Bowing to Demands

PUBLISHED: 10:26 PM 11 Jun 2018
UPDATED: 10:27 PM 11 Jun 2018

Judge Orders Prison To Make Sharia Compliant Meals

An Islamic activist orgaization worked to demand Ramadan meals for inmates.

A judge ordered prisons in Washington to make meals Sharia compliant, both in their content and in the time at which they were served to a whopping four individuals who complained that they weren't getting what they though they were entitled to.

Ramadan, the Muslim holy month, runs from May 15, to June 14, this year. It’s an interesting holiday, during which adults who are healthy are expected to refrain from consuming food or drink while the sun is up.

But according to a judge in the state of Washington, the state prison must provide inmates who claim that they’re celebrating Ramadan special treatment, even if they failed to properly register for it in a timely manner. These Sharia compliant meals for criminals are just another example of how even prisons are being forced to bow to the demands of tiny segments of the population. Many taxpayers are sick and tired of it.

The Council on American-Islamic Relations, commonly known as CAIR, sued the Washington Department of Corrections, demanding that they provide nighttime meals to all Muslim inmates. Literally hours after the case was filed, U.S. District Judge Ronald Leighton sided with the Islamic advocacy organization.

Shocking though it may seem, the suit was filed based on allegations made by four criminals who claimed that they were practitioners of the Islamic faith. Yes, four prisoners who are being held in the Washington State Reformatory claimed that they weren’t being fed meals after the sun went down and before the sun went up.

According to the Islamic organization, the average weight loss due to the prison’s alleged refusal to serve the desired meals was as much as twenty pounds.

The lawsuit also stated that the Washington Department of Corrections had a policy of requiring that people who needed Ramadan meals were supposed to sign up for the meals by January.

However, some of the four prisoners listed in the lawsuit said that even though they had signed up for the meals, they never received them at the appropriate time.

Lena Masri, who serves as CAIR’s national litigation director, claimed that the failure to kowtow to religious demands for four individuals put them ‘at risk’, and called the policy “Monroe Correctional Complex’s shameful starvation policy.”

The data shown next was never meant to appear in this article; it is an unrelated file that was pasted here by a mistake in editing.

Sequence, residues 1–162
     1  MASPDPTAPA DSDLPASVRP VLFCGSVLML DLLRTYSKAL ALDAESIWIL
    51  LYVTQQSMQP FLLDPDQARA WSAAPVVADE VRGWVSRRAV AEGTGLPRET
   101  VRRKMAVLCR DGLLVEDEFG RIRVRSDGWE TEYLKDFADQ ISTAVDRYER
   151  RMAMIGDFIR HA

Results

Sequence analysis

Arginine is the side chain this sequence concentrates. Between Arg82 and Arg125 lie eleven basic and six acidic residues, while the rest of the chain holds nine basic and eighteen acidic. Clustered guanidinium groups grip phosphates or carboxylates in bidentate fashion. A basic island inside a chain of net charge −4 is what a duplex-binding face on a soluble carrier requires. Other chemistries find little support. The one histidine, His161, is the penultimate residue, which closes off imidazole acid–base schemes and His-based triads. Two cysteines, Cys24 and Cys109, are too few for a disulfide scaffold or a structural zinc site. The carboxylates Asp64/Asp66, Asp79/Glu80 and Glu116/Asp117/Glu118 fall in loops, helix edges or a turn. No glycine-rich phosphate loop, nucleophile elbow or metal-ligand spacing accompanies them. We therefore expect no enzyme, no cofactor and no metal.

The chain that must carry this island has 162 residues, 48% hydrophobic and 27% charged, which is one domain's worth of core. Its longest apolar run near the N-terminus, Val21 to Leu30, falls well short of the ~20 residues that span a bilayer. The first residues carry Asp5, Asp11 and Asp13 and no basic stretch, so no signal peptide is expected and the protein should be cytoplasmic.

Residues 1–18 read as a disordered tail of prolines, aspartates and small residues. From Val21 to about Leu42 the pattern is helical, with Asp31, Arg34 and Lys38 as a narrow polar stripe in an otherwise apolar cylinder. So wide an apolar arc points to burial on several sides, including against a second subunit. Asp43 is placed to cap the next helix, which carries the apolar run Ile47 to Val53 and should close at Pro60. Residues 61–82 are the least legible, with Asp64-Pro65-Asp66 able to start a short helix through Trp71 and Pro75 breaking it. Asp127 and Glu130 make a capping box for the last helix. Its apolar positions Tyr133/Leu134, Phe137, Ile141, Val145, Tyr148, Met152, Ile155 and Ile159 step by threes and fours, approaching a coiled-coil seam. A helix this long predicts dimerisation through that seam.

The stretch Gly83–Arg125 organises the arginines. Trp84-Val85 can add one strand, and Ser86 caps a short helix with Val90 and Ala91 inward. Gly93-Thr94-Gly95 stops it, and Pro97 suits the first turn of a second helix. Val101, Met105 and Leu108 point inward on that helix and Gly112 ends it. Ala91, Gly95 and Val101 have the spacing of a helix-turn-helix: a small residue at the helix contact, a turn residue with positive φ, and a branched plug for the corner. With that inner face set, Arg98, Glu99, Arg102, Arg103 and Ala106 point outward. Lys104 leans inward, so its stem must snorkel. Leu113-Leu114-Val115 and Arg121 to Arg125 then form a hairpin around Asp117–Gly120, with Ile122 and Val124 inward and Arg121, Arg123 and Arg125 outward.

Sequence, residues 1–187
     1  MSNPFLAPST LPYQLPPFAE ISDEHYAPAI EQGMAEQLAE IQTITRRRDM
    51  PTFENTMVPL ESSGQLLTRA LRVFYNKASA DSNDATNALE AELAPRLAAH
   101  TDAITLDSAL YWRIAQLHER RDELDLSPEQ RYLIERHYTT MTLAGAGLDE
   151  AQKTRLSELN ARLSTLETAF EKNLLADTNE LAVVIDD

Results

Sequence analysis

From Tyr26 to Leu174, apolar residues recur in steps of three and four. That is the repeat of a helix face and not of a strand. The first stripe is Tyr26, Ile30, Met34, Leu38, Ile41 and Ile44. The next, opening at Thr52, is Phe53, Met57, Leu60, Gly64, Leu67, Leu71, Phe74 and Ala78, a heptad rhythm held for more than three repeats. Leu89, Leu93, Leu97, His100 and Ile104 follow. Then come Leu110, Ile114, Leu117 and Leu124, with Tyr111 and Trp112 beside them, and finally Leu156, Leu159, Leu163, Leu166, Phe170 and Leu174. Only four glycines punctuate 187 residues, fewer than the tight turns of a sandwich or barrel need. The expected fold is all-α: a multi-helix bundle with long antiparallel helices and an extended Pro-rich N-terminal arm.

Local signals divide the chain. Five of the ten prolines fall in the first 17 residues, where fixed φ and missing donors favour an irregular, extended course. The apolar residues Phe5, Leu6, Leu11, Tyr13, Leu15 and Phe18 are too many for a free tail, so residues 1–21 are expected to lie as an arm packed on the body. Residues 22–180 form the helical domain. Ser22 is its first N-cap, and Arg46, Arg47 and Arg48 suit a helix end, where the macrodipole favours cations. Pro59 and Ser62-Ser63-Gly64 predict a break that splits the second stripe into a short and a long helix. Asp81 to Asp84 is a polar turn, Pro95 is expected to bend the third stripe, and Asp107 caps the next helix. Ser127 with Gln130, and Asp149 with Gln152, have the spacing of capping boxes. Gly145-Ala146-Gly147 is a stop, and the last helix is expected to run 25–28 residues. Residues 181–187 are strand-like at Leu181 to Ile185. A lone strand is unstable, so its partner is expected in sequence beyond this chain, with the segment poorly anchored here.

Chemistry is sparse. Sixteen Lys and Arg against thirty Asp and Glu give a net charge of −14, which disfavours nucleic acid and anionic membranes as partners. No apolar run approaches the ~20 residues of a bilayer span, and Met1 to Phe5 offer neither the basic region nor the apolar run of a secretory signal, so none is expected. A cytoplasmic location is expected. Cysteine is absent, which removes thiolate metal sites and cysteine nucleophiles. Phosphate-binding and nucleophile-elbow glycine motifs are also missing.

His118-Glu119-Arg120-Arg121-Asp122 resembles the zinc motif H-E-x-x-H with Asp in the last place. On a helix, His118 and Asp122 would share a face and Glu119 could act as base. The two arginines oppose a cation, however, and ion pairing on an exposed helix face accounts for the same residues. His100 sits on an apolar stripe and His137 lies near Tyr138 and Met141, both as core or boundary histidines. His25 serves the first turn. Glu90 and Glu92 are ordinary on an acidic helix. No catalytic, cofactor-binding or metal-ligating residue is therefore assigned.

She also suggested that the DOC was ‘brutalizing’ people for practicing their faith, a fairly common claim in suits brought by her organization in the past.

Jeremy Livingston was one of the men named in the suit. He is serving 22 months for a hit-and-run, as well as a vehicular assault. He said that he entered the prison in March, and that even though he requested the meals well after the cutoff date, he never received them.

Another plaintiff, Naim Lao, who is serving three years in the prison after a conviction for vehicular homicide, claimed that he was eventually added to the list for Ramadan meals, but only after fasting for eight days.

He claimed that the WDOC’s employees neglected him, and that he lost 14 pounds before they fed him his meals eight days after Ramadan began.

He also said that they threatened to force feed him after he became ill from not eating.

Jeremy Barclay, a spokesman for the department, said that they were immediately responsive to the order handed down by the courts, and that the prisons took the health of their inmates very seriously.

According to Judge Leighton, the prison’s refusal to bend over backward for a handful of Islamic prisoners was likely violating the inmates’ right to be free of cruel and unusual punishments, as well as federal statutes written to protect the rights of prisoners to continue practicing their faiths (within reason.)

Last month, the same Muslim advocacy group sued Alaskan prison officials in another U.S. District Court, claiming that the meals they were given did not have enough calories, or that they contained pork.

They said that the meals only contained about 1,500 calories over the course of any given day, and that some of the bags of food contained pork, which practicing Muslims cannot eat.

In his written order, U.S. District Judge H. Russell Holland said that fasting Islamic inmates had to be provided with meals, daily, in line with their religion, which contained 2,600 calories or more.

In most jails and prisons, there’s a set meal schedule. There’s a reason for this, too.

Prisoners will make weapons out of everything and anything. Trays can be used to bludgeon, or snapped and turned into shanks, for an easy example.

Due to this, the prisons try to limit when people have trays and utensils to a handful of times a day. Additional feedings on a strange religious schedule requires changes in guard schedules, changes in rooms utilized, and more.

Should the state punish these individuals because they’re Muslim? Not at all. However, that doesn’t mean that the prison system should be rearranging itself around the demands of tiny minorities of prisoners.

What’s next? Meals served five times daily for those who claim that’s what they need for their diet? Steak and potato meals daily for those who claim that’s part of their religion?

Further, CAIR has a long history of questionable practices, including allegations that they assisted in funding the terrorist-connected Muslim Brotherhood. It seems somewhat absurd that an unindicted co-conspirator from the Holy Land trials is lecturing anyone about ‘civil rights.’